EVIL DOES NOT EXIST (Aku wa sonzai shinai)

Producer: Satoshi Takata   Director: Ryûsuke Hamaguchi    Screenplay: Ryûsuke Hamaguchi   Cast: Hitoshi Omika, Ryo Nishikawa, Ryuji Kosaka, Ayaka Shibutani, Hazuki Kikuchi, Hiroyuki Miura, Yuto Torii, Taijiro Tamura and Yoshinori Miyata   Distributor: Sideshow/Janus Films

Grade: B+

Ecological dramas are ordinarily pretty clear-cut when it comes to heroes and villains and the struggle, usually legal, to punish despoilers of the environment.  That’s not the way of Ryûsuke Hamaguchi, whose “Drive My Car” won the Oscar for Best International Feature in 2022.  He not only employs a moody, meditative style to explore the plans of a Tokyo company to build an upscale camping facility—a so-called glamping resort—in the Japanese countryside miles from the city and the reactions of local residents to the idea, but adds layers of moral ambiguity to the narrative while ending the film with an enigmatic close that’s sure to provoke and frustrate in equal measure.

The film begins with an otherworldly tracking shot with the camera looking skyward through dense tree branches as it moves along accompanied by the dreamily suspenseful droning of Eiko Ishibashi’s sinuous music, which—as repeatedly happens—abruptly cuts off to introduce Takumi (Hitoshi Omika), a local “jack of all trades” as he describes himself, chopping wood, collecting spring water for the local udon restaurant run by Minimura (Hazuki Kikuchi)—he’s aided in this task by her assistant Kazuo (Hiroyuki Miura)—and taking long walks through the forest with his young daughter Hana (Ryo Nishikawa).  Father and daughter also enjoy meals with Minimura, Kazuo, Harasawa’s mayor Suruga (Taijiro Tamura) and village gadfly Tatsu (Yuto Torii).

The tranquility of Harasawa is upset, however, by the arrival of Takahashi (Ryuji Kosaka) and Mayuzumi (Ayaka Shibutani), representatives of a Tokyo company called Playmode that plans to build a glamping hotel near the town.  In a meeting with villagers, the two explain the venture, drawing objections to the proposal from Minimura, Takumi, Suruga and others.  Most present their views, which center on potential impact on the water supply, with respect, but Tatsu is obstreperous, accusing the firm of rushing things in order to secure pandemic funding from the government before the deadline date. 

As it turns out, he’s right.  In a Zoom meeting with their boss Horiguchi (Yoshinori Miyata) back in Tokyo, Takahashi and Mayuzumi are encouraged to finesse the problems with the locals, perhaps by convincing Takumi to assume caretaker duties at the resort while the other difficulties—the size and location of a septic tank, most notably—are simply swept aside.  The task doesn’t sit well with Mayuzumi, who indicates she might quit her job and move on, or with Takahashi, who becomes enamored with the notion of moving to Harasawa and embracing the rustic life, though he’s comically unsuited to it.

So far the deck appears to be stacked in the usual way.  But matters are actually more complicated.  The Tokyo bosses might be interested only in the bottom line, but their on-site representatives are genuinely concerned that the locals’ interests are being ignored.  Moreover, the villagers are drawn in shades of gray.  Takumi explains that the area was opened for farming by the government only after the war, so in reality they are relative newcomers—“outsiders”—too (in Minimura’s case, she’s been there only four years, and her business depends on the sparkling streams), and have impacted the environment already.  Meanwhile rifle fire echoing in the distance indicates that deer hunters are coming ever closer.  So the right and wrong of the dispute are murkier than it seems.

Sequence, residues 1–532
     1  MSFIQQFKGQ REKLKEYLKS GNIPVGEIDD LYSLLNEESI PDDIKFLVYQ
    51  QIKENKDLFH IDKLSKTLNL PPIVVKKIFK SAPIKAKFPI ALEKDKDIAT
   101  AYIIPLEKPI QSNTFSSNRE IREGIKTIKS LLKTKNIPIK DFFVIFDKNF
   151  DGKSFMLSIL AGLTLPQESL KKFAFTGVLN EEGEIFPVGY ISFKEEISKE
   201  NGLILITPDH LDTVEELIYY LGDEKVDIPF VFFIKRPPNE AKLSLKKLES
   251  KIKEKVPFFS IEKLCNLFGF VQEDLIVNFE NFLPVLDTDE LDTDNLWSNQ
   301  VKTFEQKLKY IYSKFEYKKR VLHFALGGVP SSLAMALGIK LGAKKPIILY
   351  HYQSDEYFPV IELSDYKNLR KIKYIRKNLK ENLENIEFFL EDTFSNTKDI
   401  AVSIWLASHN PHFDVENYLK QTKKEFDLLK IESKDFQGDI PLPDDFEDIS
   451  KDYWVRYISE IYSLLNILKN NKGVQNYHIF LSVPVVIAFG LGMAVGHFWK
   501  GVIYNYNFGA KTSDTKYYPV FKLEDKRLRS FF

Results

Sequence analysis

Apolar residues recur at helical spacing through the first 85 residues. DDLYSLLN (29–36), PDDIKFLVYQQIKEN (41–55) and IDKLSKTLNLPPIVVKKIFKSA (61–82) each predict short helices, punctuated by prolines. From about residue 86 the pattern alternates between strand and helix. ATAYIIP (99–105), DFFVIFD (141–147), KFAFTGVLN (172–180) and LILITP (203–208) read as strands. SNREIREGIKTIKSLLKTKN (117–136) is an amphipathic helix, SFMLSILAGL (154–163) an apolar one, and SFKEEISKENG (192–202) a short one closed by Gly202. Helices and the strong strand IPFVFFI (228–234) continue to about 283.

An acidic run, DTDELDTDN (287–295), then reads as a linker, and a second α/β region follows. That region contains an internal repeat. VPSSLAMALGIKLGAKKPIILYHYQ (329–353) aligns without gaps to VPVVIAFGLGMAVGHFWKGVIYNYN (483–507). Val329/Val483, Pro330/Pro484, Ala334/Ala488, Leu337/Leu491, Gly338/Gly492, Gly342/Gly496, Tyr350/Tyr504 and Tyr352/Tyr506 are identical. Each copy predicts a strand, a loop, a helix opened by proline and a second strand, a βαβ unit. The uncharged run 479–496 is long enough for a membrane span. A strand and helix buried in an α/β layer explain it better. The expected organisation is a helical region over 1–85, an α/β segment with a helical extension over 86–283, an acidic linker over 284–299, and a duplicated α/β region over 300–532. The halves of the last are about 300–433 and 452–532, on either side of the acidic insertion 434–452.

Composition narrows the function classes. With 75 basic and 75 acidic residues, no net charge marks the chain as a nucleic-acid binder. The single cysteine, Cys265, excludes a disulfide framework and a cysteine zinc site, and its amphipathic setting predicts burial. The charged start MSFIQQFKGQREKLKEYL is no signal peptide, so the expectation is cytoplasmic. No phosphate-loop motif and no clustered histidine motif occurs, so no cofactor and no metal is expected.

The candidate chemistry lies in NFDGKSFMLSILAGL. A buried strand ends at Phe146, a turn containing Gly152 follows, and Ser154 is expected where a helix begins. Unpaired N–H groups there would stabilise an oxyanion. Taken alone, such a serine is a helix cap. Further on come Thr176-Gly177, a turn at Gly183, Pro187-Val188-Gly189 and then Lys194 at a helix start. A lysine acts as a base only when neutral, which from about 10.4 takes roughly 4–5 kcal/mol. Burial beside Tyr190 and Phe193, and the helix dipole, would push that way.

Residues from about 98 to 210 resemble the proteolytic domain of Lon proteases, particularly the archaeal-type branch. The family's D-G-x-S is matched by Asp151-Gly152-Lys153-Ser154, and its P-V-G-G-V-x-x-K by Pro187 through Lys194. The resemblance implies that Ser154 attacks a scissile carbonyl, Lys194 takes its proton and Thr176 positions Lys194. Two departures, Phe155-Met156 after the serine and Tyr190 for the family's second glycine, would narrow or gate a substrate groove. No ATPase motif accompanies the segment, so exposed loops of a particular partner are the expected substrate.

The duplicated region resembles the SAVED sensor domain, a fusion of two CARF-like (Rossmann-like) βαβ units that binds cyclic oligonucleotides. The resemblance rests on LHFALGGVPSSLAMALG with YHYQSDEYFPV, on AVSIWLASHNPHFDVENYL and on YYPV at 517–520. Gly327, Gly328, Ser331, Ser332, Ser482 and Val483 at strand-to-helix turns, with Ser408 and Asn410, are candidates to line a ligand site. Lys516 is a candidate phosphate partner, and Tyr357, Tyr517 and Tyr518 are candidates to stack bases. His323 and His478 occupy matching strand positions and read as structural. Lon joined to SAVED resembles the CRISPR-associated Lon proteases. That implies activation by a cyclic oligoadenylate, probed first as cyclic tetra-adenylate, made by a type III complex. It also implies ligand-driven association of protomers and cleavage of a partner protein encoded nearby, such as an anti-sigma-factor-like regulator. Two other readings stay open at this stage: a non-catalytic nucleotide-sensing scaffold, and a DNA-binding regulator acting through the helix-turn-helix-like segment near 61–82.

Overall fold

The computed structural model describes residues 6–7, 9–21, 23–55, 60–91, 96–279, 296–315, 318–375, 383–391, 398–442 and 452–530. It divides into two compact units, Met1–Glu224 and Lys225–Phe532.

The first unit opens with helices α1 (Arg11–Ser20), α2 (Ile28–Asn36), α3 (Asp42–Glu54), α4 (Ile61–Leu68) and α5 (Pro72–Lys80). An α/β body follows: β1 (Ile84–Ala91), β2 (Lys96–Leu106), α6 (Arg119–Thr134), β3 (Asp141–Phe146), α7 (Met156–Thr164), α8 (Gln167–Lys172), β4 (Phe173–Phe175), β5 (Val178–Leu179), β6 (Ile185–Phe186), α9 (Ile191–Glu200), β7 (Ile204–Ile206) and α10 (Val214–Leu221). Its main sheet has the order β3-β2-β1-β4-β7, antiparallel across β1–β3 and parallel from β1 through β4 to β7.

In addition Takumi is not an entirely heroic figure.  He frequently loses track of time, leaving Hana to walk home from school through the woods alone and ignoring her even when they’re together in the evenings.  He’s reluctant to take a straightforward stand on the development, calming down Tatsu when he appears to be getting out of hand and suggesting openness to helping the Playmode team.

Hamaguchi maintains a quiet, meditative mood up to this point—some viewers will find the going annoyingly slow, with long sequences of Takumi splitting logs or filling canisters with creek water, and of him and Hana traipsing through the woods.  The habit of editors Ryusuke Hamaguchim and Azusa Yamazaki abruptly cutting off scenes, with Ishibashi’s music left hanging as well, can also be disorienting.  A moment when Takumi drives to the schoolyard to find the students in the midst of a game of red light-green light, alternately rushing forward and stopping like statues, is particularly jarring since what they’re doing is explained only after it seems the action has suddenly frozen.

But in the final reel the narrative takes a sudden turn into high-stakes drama: Hana goes missing, and the entire village—along with Takahashi and Mayuzumi—join in a desperate search to find her.  Takumi and Takahashi apparently come upon her in a tense situation, facing a deer protecting her injured fawn—the one situation, Takumi has earlier suggested, in which a doe might attack an interloper.  Or do they?  The ending is mysterious and haunting, offering no clear resolution to the central narrative about the glamping plan or a simple conclusion about the tension between the natural world and human society.

“Evil Does Not Exist” takes its time in reaching this ambiguous close, the laid-back, unhurried performances contributing to a lapidary feel, with its lush outdoor locations and effectively unadorned interiors, courtesy of production designer Masato Nunobe captured in naturalistic style by cinematographer Yoshio Kitagawa (except, of course, for the hazily dreamlike sequences at beginning and end).  It’s a film of deceptive simplicity that fascinates, puzzles and sometimes irritates, in the process inviting reflection and discussion afterward.